Three Great Examples of Concept Marketing

If you have ever come across the book Lovemarks, you will be familiar how brands are masters at creating emotional connections with their customers. A book written by the CEO of Saatchi & Saatchi provides a wonderful illustration of how brands have tapped into the aspirations of customers for the benefit of brands.

In today’s digital world, brands have to work harder by using new ideas and concepts to capture the imagination of their customers. We’ve identified three very quick examples of brands, which are great exemplars of concept marketing. That is brands that are promoting concepts that align with their customers and result in more engagement and satisfaction.

1. Three Mobile: Moonwalking Pony and Sing It Kitty

You can picture the scene from the marketing meeting now. Your marketing team is presenting a new idea to your client Three Mobile.

“Guys I’ve got this great idea. Why don’t we get a Shetland pony to do the moonwalk to promote our mobile phone?”

BOOM, you wait for the deadly silent or burst of spontaneous applause.

And you can imagine how this idea could be easily laughed out of the room, for anyone not in tune with how people interact with brands online. So fair play to the creatives behind the Three Mobile ads, for experimenting. They’ve been able to translate a feel good, young and hip perception into a range of adverts that appeal to people’s humour.

The key concept that Three Mobile communicated was that all the seemingly stupid and funny stuff we look at online isn’t that silly at all. The result is that they’ve been able to connect people around a concept through sharing it online. Which is why Three as a network are keen to reinforce their key brand position as keeping people connected online with their brand strapline ‘Keep on internetting’.

The key thing that makes Three Mobile stand out is that they put the customers in control. Customers could use social media to decided what song the Shetland pony should dance to next. By engaging with their customers in a fun way, they were able to highlight the most popular concepts like Raving Pony, of all things. Through data analytics they were able to collect, analyse and ultimately change the nature of their ads by taking new concepts and ideas from their customers. All of which resulted in significant buzz online and wider brand awareness for Three.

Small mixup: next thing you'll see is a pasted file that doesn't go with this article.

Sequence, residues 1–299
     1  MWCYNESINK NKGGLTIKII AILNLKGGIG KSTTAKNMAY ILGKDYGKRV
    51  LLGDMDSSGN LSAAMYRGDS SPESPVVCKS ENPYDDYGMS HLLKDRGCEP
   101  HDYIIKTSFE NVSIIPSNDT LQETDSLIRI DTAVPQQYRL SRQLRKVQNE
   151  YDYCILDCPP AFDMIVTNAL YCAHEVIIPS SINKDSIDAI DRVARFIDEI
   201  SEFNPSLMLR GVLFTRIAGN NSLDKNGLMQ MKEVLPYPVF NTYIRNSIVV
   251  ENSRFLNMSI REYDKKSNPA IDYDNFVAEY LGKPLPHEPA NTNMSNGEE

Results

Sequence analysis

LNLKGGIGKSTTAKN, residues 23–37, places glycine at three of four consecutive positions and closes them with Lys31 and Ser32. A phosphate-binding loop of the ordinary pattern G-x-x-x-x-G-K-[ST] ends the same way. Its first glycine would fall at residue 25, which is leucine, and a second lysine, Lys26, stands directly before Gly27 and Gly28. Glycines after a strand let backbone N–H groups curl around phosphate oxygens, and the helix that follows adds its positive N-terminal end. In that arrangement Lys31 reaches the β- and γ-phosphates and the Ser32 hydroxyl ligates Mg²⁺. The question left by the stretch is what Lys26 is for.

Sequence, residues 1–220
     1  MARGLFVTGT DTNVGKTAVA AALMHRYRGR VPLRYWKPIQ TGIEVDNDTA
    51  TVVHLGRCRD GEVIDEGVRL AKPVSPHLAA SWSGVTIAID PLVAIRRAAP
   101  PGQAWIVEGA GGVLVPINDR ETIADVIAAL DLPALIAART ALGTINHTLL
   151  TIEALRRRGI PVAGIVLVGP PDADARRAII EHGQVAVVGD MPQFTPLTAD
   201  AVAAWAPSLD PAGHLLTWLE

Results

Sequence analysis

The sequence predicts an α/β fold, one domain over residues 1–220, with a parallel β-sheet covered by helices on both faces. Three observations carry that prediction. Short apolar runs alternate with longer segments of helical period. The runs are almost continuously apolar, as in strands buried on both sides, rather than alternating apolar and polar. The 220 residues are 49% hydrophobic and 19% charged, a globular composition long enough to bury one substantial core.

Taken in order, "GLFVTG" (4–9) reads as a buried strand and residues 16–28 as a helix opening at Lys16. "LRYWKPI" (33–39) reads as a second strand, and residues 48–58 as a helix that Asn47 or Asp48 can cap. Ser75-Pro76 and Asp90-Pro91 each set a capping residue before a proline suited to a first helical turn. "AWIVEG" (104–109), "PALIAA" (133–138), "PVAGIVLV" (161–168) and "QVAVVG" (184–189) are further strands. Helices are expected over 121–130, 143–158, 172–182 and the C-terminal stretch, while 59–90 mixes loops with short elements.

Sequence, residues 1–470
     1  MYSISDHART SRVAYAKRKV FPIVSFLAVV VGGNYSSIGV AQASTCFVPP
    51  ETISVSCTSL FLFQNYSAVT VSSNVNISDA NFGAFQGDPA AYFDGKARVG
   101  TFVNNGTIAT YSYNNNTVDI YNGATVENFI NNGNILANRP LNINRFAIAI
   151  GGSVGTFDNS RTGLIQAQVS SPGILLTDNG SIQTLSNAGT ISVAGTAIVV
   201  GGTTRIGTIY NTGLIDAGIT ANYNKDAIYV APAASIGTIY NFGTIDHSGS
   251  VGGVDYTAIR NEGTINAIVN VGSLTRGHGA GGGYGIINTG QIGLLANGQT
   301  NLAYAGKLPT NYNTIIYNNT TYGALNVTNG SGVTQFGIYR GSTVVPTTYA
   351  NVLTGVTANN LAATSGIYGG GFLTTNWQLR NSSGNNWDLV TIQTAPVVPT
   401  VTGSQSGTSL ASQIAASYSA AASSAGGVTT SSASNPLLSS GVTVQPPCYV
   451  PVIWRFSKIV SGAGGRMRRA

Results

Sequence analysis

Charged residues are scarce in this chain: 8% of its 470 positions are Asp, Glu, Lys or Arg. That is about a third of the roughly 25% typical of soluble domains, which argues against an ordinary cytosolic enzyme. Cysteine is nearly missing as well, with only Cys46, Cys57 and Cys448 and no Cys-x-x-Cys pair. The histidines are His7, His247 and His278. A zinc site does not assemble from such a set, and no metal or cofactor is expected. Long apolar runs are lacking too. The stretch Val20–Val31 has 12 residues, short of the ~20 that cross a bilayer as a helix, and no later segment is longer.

2. Audi Showroom without Cars

Audi Digital Showrooms

Take a stroll down Mayfair in the City of London and you’ll be surprised that the new Audi City, a new digital showroom, distinctively lacks any Audi cars. That is any physical cars. Instead customers are to treated to the experience of owning an Audi car. They do this through allowing would be customers to touch and feel what it would be like to own a car using state-of-the-art technology.

It is easy to understand what Audi is doing here. Its stated brand values are to create a premium brand and be a leader in innovation. So when you see the showroom, is more akin to a high-end luxury Apple store – minimalistic and high tech. The concepts that the customers experience are around the high-tech and innovative nature of the product. You can see how this works as a highly visual persuasion tool.

In the new digital economy, that’s how cheques are written for new cars in a showroom!

3. 1 Pack = 1 Vaccine: Unicef Partnership with Pampers

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If you had the choice of buying nappies for your new baby – which one would you choose? One brand will provide you with a functional product and the other promises that by buying from them you are personally helping to sustain new life in the third world.

Pampers teamed up with UNICEF to donate a dime towards a life-saving tetanus vaccine to help protect mothers and their babies for every pack of pampers. The alignment of concepts between Procter & Gamble pampers and UNICEF – creates a new concept in the minds of consumers of an ethnically and responsive brand. The result was to create emotional connections with its customers, which drove sales and provided life saving vaccinations.

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